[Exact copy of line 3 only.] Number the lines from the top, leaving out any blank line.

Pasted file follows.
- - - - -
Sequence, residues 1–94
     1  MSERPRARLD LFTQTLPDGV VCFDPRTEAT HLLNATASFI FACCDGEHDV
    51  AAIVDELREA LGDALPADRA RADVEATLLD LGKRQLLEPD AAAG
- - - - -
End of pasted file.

    51  AAIVDELREA LGDALPADRA RADVEATLLD LGKRQLLEPD AAAG